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Fig. 1. Diagram showing different soil organisms under possible influence of root emissions of volatile organic compounds (VOCs). From left to right: root emissions of VOCs have been shown to influence 1) neighbouring plants, 2) microbes including bacteria and fungi, 3) herbivores including nematodes and insects, as well as 4) predators of the herbivores such as entomopathogenic nematodes seeking insect larvae for food. In text we highlight each of these interactions. Arrows represent emission of volatile secondary metabolites from roots, as well as animal or micro-organism movement toward roots. 2.1 Plant-plant interaction Root volatiles can mediate allelopathic interaction between neighboring plants. After the first demonstration of seed germination and growth inhibition by plant volatiles (Muller and Muller 1964), several examples of belowground allelopathy have been described and their importance in plant biological invasion is seriously considered. Callaway and Ridenour (2004) proposed the ‘Novel Weapon’ hypothesis, which states that invading plants may possess novel biochemical weapons that function as unusually powerful allelopathic agents outside their native range, this including VOCs. In support of this, Barney et al. (2009) recently demonstrated that monoterpenes volatile emission from the perennial

The Role of Root-Produced Volatile Secondary Metabolites in Mediating Soil Interactions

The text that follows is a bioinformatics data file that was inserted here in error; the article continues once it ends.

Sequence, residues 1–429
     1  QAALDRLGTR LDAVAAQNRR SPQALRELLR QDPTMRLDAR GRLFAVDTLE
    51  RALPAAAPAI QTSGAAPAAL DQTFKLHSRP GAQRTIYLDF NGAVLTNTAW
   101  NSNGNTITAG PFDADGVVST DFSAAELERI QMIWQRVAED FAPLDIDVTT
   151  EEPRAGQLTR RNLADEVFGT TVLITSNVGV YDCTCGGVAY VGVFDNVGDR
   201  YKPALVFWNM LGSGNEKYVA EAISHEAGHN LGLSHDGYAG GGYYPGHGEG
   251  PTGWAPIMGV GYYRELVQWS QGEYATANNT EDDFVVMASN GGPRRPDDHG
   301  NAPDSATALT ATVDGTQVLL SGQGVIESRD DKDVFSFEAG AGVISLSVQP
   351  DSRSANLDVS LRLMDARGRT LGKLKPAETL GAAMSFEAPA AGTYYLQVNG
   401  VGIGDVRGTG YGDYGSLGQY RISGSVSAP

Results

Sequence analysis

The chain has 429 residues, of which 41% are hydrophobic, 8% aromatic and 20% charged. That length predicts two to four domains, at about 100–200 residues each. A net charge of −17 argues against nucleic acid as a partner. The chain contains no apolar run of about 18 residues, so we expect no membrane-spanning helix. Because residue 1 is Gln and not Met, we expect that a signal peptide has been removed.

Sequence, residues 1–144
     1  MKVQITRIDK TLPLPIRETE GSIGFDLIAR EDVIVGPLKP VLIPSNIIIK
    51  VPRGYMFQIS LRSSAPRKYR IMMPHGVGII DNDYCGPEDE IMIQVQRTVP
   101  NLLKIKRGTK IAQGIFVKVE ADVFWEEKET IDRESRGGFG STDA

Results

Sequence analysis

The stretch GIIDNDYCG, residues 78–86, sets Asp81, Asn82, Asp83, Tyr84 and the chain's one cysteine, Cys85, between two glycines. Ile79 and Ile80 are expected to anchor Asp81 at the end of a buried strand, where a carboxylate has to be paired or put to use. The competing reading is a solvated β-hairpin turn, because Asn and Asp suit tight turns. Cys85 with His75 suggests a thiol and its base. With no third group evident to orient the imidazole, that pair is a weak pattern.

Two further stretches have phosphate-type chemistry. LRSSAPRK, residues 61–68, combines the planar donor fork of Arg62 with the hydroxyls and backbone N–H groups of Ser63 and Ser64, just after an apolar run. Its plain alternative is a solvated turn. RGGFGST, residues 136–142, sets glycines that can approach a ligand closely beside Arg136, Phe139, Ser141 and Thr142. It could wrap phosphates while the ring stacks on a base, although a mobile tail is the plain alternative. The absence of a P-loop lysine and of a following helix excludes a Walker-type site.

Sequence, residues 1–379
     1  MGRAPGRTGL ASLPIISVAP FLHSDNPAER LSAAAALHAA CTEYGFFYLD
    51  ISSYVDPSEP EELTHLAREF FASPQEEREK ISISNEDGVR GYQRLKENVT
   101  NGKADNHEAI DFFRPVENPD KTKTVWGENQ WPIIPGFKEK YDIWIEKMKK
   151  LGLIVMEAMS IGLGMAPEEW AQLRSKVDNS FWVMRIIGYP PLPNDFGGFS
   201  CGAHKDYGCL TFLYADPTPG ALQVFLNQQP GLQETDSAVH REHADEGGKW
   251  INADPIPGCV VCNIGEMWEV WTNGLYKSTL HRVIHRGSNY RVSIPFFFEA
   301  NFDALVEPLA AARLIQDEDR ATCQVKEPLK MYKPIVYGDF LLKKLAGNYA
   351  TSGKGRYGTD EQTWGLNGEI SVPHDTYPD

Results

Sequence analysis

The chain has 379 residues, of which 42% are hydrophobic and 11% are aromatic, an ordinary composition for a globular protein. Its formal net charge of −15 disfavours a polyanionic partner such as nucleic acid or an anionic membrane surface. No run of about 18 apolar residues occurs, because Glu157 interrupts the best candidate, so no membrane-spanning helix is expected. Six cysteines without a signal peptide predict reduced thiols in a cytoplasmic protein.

invasive plant Artemisia vulgaris could negatively impact native population of Solidago canadensis, hence helping in the invasion of this alien species. Root VOCs are also involved in the interaction between parasitic plants and their host plants (Bouwmeester et al. 2003). For instance, Zwanenburg and colleagues (2009) reviewed the bio-activity of the strigolactone family on the germination of parasitic weed germination. The use of such molecules could help in managing parasitic plants such as Striga spp. or Orobanche spp. population (Zwanenburg et al. 2009). Furthermore, root volatiles might also have positive effects on neighboring plants. Indeed, Zwahlen et al. (unpublished data) could measure a so-called priming effect of maize damaged roots on neighboring conspecifics. In the laboratory, they have shown that roots in contact with volatiles emitted by an insect induced plant would eventually be faster in responding and emit more volatiles when fed on by the same herbivore (Zwahlen et al., unpublished data). Such examples are still scarce in the literature but may open unsuspected perspective in understanding belowground communities and evolution. 2.2 Plants-microbes interaction Plants are also able to chemically interact with microbe populations using VOCs. Since microbe populations are often limited by carbon availability in soil, root volatiles, especially monoterpenes, might be a relevant carbon source and contribute to the belowground carbon cycle (Owen et al. 2007; Zak et al. 1994). Some organisms such as Pseudomonase fluorescence or Alcaligenes xylosoxidans have been able to develop on root monoterpenes as unique source of carbon (Kleinheinz et al. 1999). Simpler root VOCs such as carbon dioxide (CO2) play an important generic role in plant belowground interactions with other organisms (Johnson and Gregory 2006). However, CO2 for example, has also been shown to also mediate highly specific interactions. Indeed, Bécard and Piché (1989) could show that carbon dioxide was crucial in the growth of the vesicular-arbuscular fungus Gigaspors margarita. The authors showed a synergistic effect of CO2 and root exudate factors in the hyphal growth of the obligate biotrophic symbiotic fungus. Carbon dioxide and root exudates taken alone had little or no effect, but when mixed together, hyphal growth was significantly stimulated (Bécard and Piché 1989). Further experimentations suggested that in this particular interaction carbon dioxide served as an essential source of carbon for the fungal growth (Bécard and Piché 1989). Since then, numerous plant volatile exudates, mainly belonging to the sesquiterpene lactone family, have been identified potentially mediating plant-microbe interactions. As an example, the strigolactone 5-desoxy-strigol has been isolated from Lotus japonicus. This volatile significantly triggered hyphal branching in G. margarita (Akiyama, Matsuzaki, and Hayashi 2005). 2.3 Plant-herbivore interaction Two major groups of organisms utilize living roots of plants as their main diet: the insects and the nematodes. A recent survey of the literature indicated that about 17% of all insect families of North America contain species of root feeders (including chewers, sap suckers, and gall makers) (Rasmann and Agrawal 2008). During at least one life stage, a root-feeding phase is common to a variety of species belonging to the orders of crickets (Orthoptera), butterflies (Lepidoptera), flies (Diptera) , true bugs (Homoptera), beetles (Coleoptera) and ants or wasps (Hymenoptera) (Brown and Gange 1990). Root-feeding insects play an